The Caverns of Sonora is a “living” cavern. That means that formations are still being made, which makes it is warm and very humid inside. This cavern is privately owned and doesn’t have all of the rules that Kartchner Caverns had, so we could take our cameras. Also the tour group was only 6 people, one whom had last been in this cavern over 50 years ago with his high school caving club.  The Caverns of Sonora  can best be described as “intimate”. The “rooms” in Sonora Caverns tend to be very tall and skinny. We have never been in a cave where you got so close to the formations; you had to be careful in some spots not to brush them as you walked by.


P1030820-1 P1030834-1

As you can see in the above pictures the walls are encrusted with formations.





Some of the more delicate formations in the cavern.

Kathy says that this is the best caverns we have ever been in. I think that Carlsbad Cavern wins just by its enormity, but this is undoubtedly has the most diverse formations we have ever seen in a single cavern.

The slideshow below has many more pictures from inside the cavern.

Tuesday, March 9, 2010

Benson, Arizona - 2010


After three weeks at Diamond J RV Park in Tucson it was time to move on. Our next stop would be Benson, Arizona, a trip of about 50 miles. As we were hitching-up the trailer we could see very dark clouds in the west heading our way. It was just starting  to rain as we were pulling out of the RV Park. Since Benson is almost due east of Tucson we had no problem staying ahead of the rain, but when we stopped at the RV Park in Benson the rain and wind caught up to us. It was the coldest, windiest and wettest setup we have ever done. As soon as we could we were inside running the  heater.

Our main reason for coming to Benson was to visit Kartchner Caverns State Park. Kartchner Caverns has two tours: the Rotunda/Throne Tour and the Big Room Tour. When we were in this area two years ago we could only get on the Rotunda/Throne Tour. This time we had reservations for the Big Room Tour. Although, both tours are very nice we thought the Big Room Tour was the better of the two. Their visitor center tells a story of how the people that discovered this cavern kept them a secret for 10+ years! Then after the land was turned over to Arizona Parks it took another 10+ years do get it developed for public access. This is a living cave and they go to an extraordinary length to keep it that way. You go through a number of air locks to pass through, you are misted down to keep lint etc from falling off of you and this is a list of what you can’t bring into the cave:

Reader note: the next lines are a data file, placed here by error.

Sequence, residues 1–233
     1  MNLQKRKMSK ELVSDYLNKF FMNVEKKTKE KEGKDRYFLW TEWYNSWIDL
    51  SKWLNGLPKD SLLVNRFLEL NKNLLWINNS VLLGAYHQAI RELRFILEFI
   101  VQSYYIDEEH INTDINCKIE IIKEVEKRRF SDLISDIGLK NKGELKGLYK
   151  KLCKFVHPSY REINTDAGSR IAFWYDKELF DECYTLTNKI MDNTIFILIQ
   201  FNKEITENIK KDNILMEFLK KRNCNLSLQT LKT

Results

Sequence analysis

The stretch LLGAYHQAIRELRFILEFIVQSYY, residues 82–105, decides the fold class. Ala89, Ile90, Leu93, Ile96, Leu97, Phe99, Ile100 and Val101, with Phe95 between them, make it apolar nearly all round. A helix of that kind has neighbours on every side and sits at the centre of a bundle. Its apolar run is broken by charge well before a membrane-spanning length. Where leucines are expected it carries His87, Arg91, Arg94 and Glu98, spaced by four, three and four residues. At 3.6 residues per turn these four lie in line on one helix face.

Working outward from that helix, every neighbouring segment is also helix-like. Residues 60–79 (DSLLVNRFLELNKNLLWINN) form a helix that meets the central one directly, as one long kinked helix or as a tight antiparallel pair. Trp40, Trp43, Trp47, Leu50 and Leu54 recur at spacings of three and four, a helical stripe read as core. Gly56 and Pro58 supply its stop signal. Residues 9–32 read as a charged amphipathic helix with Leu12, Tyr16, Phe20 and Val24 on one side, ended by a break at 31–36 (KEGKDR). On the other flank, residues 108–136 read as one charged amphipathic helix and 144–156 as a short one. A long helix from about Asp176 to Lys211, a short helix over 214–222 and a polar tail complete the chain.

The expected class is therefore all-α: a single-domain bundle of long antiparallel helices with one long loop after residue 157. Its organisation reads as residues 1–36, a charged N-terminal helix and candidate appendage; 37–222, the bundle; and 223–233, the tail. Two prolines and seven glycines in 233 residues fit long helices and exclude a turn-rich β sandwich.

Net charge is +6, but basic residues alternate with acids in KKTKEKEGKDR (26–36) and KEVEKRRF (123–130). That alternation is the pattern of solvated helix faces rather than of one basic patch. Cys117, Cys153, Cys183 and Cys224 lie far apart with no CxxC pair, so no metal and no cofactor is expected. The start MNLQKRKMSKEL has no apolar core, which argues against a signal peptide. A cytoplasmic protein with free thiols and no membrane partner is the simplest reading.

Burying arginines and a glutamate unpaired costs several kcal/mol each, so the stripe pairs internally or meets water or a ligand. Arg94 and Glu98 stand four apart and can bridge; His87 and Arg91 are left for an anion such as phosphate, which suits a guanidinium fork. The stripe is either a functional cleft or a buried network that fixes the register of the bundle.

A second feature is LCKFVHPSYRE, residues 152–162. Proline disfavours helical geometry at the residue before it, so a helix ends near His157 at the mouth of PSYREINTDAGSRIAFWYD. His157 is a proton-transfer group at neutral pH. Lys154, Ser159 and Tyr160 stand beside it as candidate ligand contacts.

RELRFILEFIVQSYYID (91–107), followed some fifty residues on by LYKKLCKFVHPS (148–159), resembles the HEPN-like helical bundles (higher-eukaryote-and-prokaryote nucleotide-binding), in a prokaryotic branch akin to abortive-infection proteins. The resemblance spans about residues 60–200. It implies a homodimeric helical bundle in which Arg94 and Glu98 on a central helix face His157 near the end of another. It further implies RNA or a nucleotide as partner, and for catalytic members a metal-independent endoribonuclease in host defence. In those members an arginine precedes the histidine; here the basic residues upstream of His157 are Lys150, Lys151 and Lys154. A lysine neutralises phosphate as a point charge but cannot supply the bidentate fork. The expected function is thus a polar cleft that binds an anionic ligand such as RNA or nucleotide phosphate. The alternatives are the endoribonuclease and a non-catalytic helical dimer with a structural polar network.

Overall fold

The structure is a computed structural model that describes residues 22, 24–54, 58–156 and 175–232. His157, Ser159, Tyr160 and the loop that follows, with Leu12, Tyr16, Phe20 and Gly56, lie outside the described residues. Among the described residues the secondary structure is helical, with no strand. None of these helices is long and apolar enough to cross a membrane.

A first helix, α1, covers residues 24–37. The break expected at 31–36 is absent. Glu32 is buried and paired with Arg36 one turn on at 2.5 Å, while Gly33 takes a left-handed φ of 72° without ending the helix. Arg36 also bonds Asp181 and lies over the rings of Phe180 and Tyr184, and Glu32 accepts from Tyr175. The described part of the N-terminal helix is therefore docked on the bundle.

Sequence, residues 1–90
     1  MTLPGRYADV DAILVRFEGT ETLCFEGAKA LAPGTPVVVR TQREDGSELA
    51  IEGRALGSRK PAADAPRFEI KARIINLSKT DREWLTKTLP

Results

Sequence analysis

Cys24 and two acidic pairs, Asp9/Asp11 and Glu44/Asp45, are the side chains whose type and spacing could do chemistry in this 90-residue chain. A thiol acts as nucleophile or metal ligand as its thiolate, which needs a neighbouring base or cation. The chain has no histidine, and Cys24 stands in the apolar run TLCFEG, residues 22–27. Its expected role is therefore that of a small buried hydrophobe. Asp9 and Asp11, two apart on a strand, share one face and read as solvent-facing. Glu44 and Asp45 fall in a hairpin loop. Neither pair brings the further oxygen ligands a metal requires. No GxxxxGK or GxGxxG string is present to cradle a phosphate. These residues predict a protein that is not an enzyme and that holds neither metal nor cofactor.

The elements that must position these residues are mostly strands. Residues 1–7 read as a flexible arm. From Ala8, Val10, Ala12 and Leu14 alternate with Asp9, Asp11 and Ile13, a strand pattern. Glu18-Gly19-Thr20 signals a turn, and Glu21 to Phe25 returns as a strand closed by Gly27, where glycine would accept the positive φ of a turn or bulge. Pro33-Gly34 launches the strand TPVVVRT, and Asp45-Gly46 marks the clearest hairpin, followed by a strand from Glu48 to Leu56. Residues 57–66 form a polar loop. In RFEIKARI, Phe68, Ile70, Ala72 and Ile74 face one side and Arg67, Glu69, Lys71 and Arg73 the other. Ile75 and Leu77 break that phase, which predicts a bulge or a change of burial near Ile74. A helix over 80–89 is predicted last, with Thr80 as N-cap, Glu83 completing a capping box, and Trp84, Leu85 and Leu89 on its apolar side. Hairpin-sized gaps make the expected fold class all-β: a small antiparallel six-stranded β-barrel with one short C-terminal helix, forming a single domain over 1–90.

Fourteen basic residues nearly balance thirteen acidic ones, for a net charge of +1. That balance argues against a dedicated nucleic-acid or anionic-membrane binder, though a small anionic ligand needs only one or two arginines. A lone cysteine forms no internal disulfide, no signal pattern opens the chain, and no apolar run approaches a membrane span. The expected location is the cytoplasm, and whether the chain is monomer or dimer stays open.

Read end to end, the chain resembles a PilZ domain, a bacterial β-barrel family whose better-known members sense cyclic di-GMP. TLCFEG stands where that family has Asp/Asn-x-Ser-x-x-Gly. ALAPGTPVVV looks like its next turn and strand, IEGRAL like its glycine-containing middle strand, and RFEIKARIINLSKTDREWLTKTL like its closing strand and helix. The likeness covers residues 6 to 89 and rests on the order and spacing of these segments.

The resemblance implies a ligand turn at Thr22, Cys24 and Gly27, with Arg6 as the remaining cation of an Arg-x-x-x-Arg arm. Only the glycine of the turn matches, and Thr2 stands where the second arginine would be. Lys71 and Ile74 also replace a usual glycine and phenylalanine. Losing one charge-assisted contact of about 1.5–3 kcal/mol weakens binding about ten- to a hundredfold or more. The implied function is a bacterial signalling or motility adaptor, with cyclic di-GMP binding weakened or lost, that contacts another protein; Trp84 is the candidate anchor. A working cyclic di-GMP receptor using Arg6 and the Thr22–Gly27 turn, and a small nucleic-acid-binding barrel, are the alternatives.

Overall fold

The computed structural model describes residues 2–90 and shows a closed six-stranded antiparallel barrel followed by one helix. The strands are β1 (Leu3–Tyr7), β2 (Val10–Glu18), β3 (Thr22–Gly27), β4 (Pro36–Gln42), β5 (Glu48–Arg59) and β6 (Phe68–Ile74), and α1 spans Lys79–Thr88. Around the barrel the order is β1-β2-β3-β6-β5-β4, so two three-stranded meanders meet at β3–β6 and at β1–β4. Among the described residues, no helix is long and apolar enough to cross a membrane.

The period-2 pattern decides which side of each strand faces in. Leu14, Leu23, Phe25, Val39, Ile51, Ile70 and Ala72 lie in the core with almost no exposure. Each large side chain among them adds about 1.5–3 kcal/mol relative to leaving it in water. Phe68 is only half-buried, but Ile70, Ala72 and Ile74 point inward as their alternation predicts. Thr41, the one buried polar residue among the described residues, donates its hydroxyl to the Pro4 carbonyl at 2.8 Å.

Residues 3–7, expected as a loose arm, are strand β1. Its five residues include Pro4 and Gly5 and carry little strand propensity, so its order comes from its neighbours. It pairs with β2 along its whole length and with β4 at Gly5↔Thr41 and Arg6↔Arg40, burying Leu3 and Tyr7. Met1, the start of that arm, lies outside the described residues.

The following are NOT permitted on Cave Tours:

  • Purses, handbags, backpacks, fanny packs, baby backpacks or other bags/items.
  • Binoculars or flashlights.
  • Photography or video equipment (to include phones, other electronic recording devices and tripods).
  • Food, gum, tobacco products and drinks (including bottled water).
  • Strollers, walkers, crutches (though you can borrow a wheel chair)
  • Touching or damaging formations (punishable by law).
  • Littering or tossing coins.

No photography equipment of course means we have no pictures of our tour. It was absolutely killing us that we didn’t have our cameras with us!

Another reason for us to come to Benson was to see the SKP Saguaro COOP. As you may remember we have stayed at  the SKP CO-OP in Pahrump, Nevada 3 times. The CO-OPs are owned by Escapee RV Club members that have lifetime lease on the lots there. When the lot owners are not using the lots they are available for other Escapees to rent for a day, weeks, or months. Over our time we have heard much about the Benson SKP CO-OP, it is apparently the most popular CO-OP of them all with an 8 to 10 year waiting list for a lease to open up. We came to see why this CO-OP is so popular. They are so popular that the only space they had available was dry camping in an asphalt parking lot. When the weather is bad we prefer to have full hookups, so we opted for a commercial RV Park on the other side of town. We did get to tour the SKP Saguaro COOP and it is a very nice park in a lovely setting. When our travels take us back to Benson we will try again to get into the SKP Saguaro COOP Park. It didn’t occur to us to take pictures as we toured the SKP Saguaro COOP so we don’t have any pictures to show you.